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Ecotoxicol Environ Saf. 2018 Jul 30;156:216-222. doi: 10.1016/j.ecoenv.2018.02.075. Epub 2018 Mar 20.

Toxicity of atrazine- and glyphosate-based formulations on Caenorhabditis elegans.

Author information

1
Environmental and Computational Chemistry Group, Zaragocilla Campus. School of Pharmaceutical Sciences. University of Cartagena, Cartagena 130015, Colombia. Electronic address: mgarciae@unicartagena.edu.co.
2
Development and Use of Biomass Research Group, Piedra de Bolivar Campus, School of Engineering, Universidad de Cartagena, Cartagena, 130015, Colombia. Electronic address: ltejedab@unicartagena.edu.co.
3
Environmental and Computational Chemistry Group, Zaragocilla Campus. School of Pharmaceutical Sciences. University of Cartagena, Cartagena 130015, Colombia. Electronic address: joliverov@unicartagena.edu.co.

Abstract

Atrazine and Glyphosate are herbicides massively used in agriculture for crop protection. Upon application, they are available to the biota in different ecosystems. The aim of this research was to evaluate the toxicity of Glyphosate and Atrazine based formulations (GBF and ABF, respectively). Caenorhabditis elegans was exposed to different concentrations of each single formulation, and to the mixture. Lethality, locomotion, growth, and fertility were measured as endpoints. Effects on gene expression were monitored utilizing green fluorescence protein transgenic strains. ABF caused lethality of 12%, 15%, and 18% for 6, 60, and 600 μM, respectively, displaying a dose dependence trend. GBF produced lethality of 20%, 50%, and 100% at 0.01, 10, and 100 μM, respectively. Locomotion inhibition ranged from 21% to 89% at the lowest and maximum tested concentrations for Atrazine; whereas for Glyphosate, exposure to 10 μM inhibited 87%. Brood size was decreased by 67% and 93% after treatment to 0.06 and 6 μM Atrazine, respectively; and by 23% and 93% after exposure to 0.01 and 10 μM Glyphosate, respectively. There were no significant differences in growth. Changes in gene expression occurred in all genes, highlighting the expression of sod-1, sod-4, and gpx-4 that increased more than two-fold after exposure to 600 μM ABF and 10 μM GBF. The effects observed for the mixture of these formulations were additive for lethality, locomotion and fertility. In short, GBF, ABF, and their mixture induced several toxic responses related to oxidative stress on C. elegans.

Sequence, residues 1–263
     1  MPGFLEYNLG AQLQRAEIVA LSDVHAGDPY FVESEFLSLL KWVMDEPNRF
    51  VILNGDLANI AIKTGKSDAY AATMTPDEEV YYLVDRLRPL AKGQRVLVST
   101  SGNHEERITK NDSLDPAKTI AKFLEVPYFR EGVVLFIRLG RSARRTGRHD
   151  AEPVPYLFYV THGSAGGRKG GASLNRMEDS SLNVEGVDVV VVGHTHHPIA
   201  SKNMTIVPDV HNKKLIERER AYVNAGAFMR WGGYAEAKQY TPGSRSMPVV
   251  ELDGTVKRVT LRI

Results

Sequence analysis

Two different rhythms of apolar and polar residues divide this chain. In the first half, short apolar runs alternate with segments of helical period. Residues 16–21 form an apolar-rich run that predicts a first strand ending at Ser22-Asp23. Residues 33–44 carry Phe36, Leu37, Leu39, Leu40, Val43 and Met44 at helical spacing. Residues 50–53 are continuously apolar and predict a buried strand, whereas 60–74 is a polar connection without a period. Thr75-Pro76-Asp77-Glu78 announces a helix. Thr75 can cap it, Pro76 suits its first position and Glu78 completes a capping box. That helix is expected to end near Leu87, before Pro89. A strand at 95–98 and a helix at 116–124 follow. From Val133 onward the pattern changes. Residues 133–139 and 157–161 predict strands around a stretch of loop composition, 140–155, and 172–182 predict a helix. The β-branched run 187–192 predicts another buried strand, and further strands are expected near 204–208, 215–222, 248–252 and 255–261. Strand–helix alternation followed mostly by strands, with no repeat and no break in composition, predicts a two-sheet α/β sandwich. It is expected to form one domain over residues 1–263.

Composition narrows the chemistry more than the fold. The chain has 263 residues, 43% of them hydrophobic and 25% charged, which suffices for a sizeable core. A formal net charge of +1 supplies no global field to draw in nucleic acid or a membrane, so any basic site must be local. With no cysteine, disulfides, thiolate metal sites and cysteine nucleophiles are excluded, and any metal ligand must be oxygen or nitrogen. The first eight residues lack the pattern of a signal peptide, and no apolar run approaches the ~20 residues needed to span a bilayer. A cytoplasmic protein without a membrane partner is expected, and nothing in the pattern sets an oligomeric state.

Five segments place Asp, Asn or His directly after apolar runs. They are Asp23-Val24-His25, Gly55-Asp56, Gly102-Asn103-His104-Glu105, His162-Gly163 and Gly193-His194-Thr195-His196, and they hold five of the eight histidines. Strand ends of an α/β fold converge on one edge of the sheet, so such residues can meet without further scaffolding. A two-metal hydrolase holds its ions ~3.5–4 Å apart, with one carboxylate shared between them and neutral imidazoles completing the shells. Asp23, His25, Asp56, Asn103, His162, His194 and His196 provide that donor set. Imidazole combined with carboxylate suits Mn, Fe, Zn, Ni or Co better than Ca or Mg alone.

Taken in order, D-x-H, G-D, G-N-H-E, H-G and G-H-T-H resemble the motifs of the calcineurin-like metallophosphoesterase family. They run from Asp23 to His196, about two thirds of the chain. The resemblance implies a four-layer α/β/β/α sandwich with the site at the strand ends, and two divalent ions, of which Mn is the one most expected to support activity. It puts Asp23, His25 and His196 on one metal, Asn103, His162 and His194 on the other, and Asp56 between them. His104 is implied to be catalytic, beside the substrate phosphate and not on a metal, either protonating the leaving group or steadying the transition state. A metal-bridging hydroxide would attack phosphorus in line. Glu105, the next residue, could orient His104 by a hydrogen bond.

KEYWORDS:

Green Fluorescence Protein; Growth; Herbicides; Lethality; Locomotion; Nematode; Reproduction

PMID:
29550685
DOI:
10.1016/j.ecoenv.2018.02.075
[Indexed for MEDLINE]

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